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The Massachusetts 54th Colored Infantry (2005).

The Massachusetts 54th Colored Infantry (2005)

The story of the Massachusetts 54th Colored Troop emerges as a portion of the larger story of black slavery, pre-war abolitionist activities (especially those of John Brown, Frederick Douglas, and Governor Andrew of Massachusetts), and the emergence of a white man's war based on disagreements over the slavery but not dedicated to the ending of the institution. Union failures on the battlefield, decreasing white enlistments, growing disillusionment with the war, along with black fugitive flight to Union lines and insistent free black political activities finally bring President Abraham Lincoln to the conclusion that ending slavery is a necessary war measure needed to weaken the South and add much needed manpower to the Union war effort.

The film, directed by Steven Ives and Ben Loeterman, emphasizes the struggles faced during the initial recruitment efforts of Governor Andrew, who sought to create an elite colored regiment of free blacks who had risen above the ranks of common laborer. Despite the persuasive powers of Frederick Douglass, there were insufficient volunteers from Massachusetts to fill the regiment, and it was necessary for him to send recruiters to other states. Black men originally enlisted for the same pay and uniform, under the same conditions as white volunteers, yet only white officers were appointed for black troops. Within months, the U.S. Congress passed laws lowering the pay scale from a soldier's pay of $13.00 a month to camp laborer pay of $10.00. The 54th refused to accept pay throughout the war until this law was altered to provide full soldier's pay, causing serious hardship for the men's families.

Though promising good coverage of the 54th Massachusetts, the majority of the film's narrative covers political side issues. The majority of the photographs used throughout this film are men in uniform or in battle situations; the actual narrative includes little coverage of battlefield experiences. The 54th's first action on the battlefield on St. James Island or the more famous vanguard position in the attack on Fort Wagner, Charleston, S.C. both receive only a few minutes' coverage. The further activities of the 54th until the end of the war also receive little attention. It is clear that the intent of the filmmakers was to explore the broad aspects of African American experiences before and during the war.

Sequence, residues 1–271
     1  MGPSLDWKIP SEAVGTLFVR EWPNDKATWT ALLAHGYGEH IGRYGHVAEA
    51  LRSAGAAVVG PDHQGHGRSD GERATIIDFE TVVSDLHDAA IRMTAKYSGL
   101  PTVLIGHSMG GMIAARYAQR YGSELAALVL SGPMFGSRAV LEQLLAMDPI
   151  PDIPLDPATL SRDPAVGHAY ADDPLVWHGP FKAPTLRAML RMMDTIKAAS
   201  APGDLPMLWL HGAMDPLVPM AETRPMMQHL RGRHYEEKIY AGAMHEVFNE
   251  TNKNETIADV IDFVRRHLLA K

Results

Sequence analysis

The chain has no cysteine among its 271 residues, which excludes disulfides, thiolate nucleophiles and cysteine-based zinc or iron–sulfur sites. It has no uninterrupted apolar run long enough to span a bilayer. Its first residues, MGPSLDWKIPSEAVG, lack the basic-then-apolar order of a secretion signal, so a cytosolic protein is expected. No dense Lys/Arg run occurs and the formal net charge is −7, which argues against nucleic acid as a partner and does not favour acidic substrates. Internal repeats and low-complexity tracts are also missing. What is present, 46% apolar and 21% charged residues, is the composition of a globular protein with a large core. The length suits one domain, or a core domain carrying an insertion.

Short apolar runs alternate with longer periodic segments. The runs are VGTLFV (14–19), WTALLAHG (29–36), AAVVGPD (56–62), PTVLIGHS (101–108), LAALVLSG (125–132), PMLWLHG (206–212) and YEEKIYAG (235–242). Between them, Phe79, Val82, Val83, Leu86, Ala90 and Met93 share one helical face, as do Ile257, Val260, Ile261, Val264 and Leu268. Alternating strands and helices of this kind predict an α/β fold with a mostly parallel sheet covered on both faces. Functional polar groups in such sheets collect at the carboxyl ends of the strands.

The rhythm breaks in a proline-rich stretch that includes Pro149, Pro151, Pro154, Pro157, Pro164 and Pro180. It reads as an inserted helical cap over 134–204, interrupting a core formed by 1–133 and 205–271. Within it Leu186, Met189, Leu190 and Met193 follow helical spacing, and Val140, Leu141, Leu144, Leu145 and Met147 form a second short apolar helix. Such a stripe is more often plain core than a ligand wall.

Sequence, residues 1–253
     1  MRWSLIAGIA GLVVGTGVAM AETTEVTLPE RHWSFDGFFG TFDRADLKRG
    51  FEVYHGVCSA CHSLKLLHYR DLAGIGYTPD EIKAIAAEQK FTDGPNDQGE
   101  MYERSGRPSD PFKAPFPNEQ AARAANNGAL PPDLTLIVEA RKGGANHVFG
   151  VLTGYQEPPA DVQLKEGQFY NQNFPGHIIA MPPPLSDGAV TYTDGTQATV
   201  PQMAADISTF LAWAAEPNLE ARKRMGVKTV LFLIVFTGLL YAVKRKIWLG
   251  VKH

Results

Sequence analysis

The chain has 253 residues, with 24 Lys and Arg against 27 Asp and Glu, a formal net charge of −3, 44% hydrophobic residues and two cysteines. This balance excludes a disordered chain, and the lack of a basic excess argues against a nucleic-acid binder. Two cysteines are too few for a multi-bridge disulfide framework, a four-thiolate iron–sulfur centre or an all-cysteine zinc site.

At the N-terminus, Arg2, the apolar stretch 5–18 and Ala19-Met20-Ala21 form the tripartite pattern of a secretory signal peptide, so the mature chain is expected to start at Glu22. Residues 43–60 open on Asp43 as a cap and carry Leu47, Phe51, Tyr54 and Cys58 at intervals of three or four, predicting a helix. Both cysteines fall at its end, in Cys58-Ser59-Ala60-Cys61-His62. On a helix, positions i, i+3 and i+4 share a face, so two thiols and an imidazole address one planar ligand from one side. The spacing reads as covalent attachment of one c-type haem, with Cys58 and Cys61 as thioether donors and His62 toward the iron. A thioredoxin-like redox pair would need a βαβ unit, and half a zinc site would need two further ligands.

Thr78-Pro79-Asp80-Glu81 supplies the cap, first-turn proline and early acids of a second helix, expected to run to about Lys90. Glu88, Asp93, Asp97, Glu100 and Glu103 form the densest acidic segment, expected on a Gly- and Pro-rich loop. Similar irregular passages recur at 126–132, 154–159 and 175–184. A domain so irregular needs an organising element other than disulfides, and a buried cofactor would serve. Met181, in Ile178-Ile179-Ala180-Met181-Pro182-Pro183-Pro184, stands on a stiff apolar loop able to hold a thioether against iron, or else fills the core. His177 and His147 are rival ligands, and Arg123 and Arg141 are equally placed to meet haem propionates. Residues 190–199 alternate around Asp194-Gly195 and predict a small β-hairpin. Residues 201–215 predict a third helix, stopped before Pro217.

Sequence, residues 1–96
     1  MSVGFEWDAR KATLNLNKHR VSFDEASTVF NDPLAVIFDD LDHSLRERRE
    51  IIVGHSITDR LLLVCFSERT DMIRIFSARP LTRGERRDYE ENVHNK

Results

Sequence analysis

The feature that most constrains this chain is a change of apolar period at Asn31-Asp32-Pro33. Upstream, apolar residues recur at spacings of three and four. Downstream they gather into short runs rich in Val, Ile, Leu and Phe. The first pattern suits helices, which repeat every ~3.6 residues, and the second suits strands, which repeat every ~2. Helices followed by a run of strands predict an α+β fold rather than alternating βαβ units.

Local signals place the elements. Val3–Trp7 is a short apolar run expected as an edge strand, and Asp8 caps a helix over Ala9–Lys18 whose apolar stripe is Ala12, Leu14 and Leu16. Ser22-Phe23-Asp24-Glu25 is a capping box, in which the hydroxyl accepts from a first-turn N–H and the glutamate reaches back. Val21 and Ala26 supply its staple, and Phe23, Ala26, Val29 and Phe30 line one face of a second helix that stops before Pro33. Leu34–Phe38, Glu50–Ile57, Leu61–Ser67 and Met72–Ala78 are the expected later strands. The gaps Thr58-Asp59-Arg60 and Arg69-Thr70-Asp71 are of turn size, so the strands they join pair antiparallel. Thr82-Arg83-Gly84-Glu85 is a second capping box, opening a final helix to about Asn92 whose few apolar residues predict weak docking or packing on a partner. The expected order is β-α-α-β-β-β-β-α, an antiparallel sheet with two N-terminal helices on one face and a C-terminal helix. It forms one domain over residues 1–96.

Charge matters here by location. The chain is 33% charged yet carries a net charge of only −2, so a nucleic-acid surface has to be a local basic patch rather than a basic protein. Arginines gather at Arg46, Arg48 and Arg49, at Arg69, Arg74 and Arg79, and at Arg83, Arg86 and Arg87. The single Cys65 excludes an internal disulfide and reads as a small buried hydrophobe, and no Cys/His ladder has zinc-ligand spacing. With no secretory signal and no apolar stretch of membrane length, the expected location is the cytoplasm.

The broader political/social issues are intertwined throughout the film in logical thematic fashion but illogical chronological fashion. To someone not thoroughly familiar with the early 19th century, the issues causing the Civil War, and the Civil War itself, all seem to be happening at the same time so that, although the facts are accurate, the final impressions are misleading. From a historical standpoint, this film could be a useful summary of the abolition movement, slavery, complex Civil War politics that do not include blacks as the center of war time attention, and the attempts of abolitionists and free blacks to bring it to center stage, but students would need a good grounding in the progression of events if they are not to become confused in viewing the film.

The film could be very useful to an American Studies approach to the Civil War or a portion of black history where the scholarly emphasis is on social and philosophical themes. Archival photographs of individuals and groups of black soldiers, period etchings of wartime conditions, modern film of historic buildings and locations, and shots of newspaper clippings are skillfully woven together using various musical renditions of songs popular among black soldiers during the Civil War, letters written home by soldiers narrated by modern actors, oral histories told by descendants, and historical assessments by reputable historians like James Horton and Barbara Fields. The visual images are skillfully edited so that the narrative flows well.

Nancy L. Zens

Central Oregon Community College
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Author:Zens, Nancy L.
Publication:Film & History
Article Type:Movie review
Date:Jul 1, 2006
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